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Swiss Private Bank Scandal: Board Member Accused of Multi-Million Dollar Money Laundering Scheme

A board member at a Swiss private bank faced accusations of money laundering today after authorities flagged deposits he made to the Dominican Republic. Allegations surfaced that the banker had taken illicit funds from a client and deposited them under his own name at his institution. The customer had entrusted the banker with the cash, aiming to obscure its true ownership to shield his wealth from government scrutiny.

Swiss Private Bank Scandal

The accused, whose identity remains protected under Swiss law, stands charged with involvement in a multi-layered criminal conspiracy spanning seven years until 2015, amounting to over SFr14 million ($15.4 million). The scheme unraveled after Swiss money-laundering authorities raised concerns about significant transfers the banker made to businesses in Central America. Prosecutors asserted that funds flowing back from these businesses to the banker were "of criminal origin."

The indictment includes charges of theft, money laundering, and fraud, as well as accusations of using client funds to prop up the financially troubled institution he worked for. The accused, a board member of a Geneva-based private bank, exploited the trust placed in him by his client, diverting the funds for personal use and extending large loans to associates, family, and friends.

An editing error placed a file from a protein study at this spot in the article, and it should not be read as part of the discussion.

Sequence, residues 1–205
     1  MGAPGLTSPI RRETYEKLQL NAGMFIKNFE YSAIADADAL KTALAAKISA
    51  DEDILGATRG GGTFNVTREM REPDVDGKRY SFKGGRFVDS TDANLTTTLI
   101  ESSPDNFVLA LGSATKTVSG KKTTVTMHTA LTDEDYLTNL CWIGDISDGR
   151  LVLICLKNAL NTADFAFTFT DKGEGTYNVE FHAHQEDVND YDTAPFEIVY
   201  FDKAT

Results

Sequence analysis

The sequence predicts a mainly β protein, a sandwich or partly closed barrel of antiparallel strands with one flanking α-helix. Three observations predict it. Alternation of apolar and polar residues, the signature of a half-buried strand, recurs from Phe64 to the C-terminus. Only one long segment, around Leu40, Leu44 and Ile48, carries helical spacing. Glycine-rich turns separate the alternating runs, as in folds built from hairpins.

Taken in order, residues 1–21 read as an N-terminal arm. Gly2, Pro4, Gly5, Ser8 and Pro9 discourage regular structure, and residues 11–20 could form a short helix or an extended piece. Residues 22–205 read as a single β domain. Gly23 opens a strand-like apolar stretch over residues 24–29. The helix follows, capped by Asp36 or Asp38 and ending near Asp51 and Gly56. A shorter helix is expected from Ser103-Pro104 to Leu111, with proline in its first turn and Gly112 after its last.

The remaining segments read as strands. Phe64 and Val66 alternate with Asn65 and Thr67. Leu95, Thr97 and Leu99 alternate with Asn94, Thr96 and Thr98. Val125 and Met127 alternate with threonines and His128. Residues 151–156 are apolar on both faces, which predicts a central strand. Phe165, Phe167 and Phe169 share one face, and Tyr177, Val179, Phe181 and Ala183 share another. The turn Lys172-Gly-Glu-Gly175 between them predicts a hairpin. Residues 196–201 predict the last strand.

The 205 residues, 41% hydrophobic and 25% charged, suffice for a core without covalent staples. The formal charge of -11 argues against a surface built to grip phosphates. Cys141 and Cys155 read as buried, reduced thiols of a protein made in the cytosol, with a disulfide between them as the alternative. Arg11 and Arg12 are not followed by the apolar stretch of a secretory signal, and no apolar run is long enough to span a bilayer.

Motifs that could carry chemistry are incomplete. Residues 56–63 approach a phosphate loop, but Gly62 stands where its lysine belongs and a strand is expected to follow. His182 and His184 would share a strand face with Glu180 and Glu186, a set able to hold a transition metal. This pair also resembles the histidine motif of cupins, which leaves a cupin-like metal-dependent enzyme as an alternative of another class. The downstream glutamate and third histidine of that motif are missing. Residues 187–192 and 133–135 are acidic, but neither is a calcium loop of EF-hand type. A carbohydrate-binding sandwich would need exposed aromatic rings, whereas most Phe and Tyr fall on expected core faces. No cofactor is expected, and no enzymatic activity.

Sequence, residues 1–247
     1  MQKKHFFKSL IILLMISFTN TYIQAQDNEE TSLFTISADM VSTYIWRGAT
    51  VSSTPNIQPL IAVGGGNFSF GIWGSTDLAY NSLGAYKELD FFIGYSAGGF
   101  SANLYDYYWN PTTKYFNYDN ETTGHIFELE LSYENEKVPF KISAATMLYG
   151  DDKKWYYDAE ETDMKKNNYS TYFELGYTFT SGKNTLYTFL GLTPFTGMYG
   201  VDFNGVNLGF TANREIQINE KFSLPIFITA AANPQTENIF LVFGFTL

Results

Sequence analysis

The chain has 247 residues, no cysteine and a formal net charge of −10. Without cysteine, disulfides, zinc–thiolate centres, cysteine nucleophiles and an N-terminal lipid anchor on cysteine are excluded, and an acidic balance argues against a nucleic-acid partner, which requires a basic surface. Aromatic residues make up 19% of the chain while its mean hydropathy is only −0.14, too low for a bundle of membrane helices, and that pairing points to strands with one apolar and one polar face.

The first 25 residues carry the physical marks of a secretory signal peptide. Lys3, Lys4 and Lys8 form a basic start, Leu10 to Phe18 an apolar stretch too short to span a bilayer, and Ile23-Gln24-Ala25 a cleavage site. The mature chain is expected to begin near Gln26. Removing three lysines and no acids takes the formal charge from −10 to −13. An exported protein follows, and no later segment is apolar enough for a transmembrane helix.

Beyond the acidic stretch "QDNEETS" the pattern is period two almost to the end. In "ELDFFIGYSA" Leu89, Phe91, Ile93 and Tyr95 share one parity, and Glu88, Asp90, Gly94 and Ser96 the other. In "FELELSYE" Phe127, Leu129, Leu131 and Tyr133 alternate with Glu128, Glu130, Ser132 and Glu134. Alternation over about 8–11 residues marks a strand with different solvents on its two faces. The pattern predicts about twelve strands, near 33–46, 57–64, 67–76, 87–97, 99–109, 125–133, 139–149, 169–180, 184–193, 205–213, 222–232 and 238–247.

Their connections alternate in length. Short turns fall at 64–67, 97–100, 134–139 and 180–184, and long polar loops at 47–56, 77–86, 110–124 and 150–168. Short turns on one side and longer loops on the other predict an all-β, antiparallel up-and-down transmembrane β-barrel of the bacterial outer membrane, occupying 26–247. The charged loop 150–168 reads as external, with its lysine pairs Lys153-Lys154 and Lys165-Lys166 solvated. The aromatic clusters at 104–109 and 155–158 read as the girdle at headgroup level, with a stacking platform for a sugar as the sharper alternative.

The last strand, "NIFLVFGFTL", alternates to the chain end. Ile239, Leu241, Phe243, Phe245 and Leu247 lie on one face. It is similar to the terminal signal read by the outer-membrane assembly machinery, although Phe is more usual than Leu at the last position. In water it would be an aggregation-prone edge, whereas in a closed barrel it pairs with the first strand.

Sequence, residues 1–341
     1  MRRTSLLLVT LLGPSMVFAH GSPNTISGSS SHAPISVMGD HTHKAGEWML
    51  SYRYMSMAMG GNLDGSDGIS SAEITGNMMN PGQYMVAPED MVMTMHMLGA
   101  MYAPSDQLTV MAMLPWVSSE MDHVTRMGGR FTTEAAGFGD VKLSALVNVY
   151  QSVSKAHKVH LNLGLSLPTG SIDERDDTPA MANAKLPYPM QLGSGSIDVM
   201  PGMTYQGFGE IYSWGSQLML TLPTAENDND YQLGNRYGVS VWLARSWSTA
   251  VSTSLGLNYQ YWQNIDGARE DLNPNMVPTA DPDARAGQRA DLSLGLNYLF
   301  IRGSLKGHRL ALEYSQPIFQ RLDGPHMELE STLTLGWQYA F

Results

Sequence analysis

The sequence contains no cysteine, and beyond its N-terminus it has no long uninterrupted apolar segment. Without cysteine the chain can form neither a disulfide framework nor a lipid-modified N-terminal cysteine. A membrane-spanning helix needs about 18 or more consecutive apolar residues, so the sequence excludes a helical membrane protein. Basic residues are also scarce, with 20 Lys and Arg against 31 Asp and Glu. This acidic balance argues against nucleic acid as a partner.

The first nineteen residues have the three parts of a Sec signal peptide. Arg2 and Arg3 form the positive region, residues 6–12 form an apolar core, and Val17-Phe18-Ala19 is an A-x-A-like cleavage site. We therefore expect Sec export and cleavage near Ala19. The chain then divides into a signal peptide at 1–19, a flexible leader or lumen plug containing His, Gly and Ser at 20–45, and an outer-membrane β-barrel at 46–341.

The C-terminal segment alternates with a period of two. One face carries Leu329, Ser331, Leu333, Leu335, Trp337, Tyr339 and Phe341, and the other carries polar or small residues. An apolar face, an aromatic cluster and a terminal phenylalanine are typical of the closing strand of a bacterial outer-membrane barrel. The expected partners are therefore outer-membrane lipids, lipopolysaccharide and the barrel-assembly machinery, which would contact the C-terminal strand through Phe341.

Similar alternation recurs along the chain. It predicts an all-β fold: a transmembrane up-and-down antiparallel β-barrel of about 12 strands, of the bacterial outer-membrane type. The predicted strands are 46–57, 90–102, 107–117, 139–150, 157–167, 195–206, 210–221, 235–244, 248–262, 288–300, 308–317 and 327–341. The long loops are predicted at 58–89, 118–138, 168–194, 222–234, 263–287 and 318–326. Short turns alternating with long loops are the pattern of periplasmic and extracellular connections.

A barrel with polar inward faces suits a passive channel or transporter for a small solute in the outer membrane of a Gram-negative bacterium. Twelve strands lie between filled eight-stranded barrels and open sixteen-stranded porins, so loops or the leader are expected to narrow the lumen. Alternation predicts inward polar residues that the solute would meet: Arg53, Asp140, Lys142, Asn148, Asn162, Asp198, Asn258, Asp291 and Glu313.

According to the prosecutor, the misappropriated assets primarily financed the lavish lifestyle of the accused and his family. Additionally, the banker allegedly falsified bank statements routinely, deceiving both his client and the bank's authorities. Despite being aware of a criminal investigation, the banker attempted to use significant portions of his client's funds to support the bank, even after being notified of the probe.

The case draws parallels to a previous incident involving Swiss banker Benjamin G, a former employee of Julius Baer, who was convicted last October of embezzling over SFr22 million from the savings of an elderly Israeli-Ukrainian couple. Benjamin G had also engaged in forging bank statements and had full power of attorney over client assets.

The indictment was filed in Bellinzona, southern Switzerland, withholding the name of the private bank involved. Authorities emphasized the seriousness of the allegations, underscoring the breach of trust and financial misconduct perpetrated by the accused.



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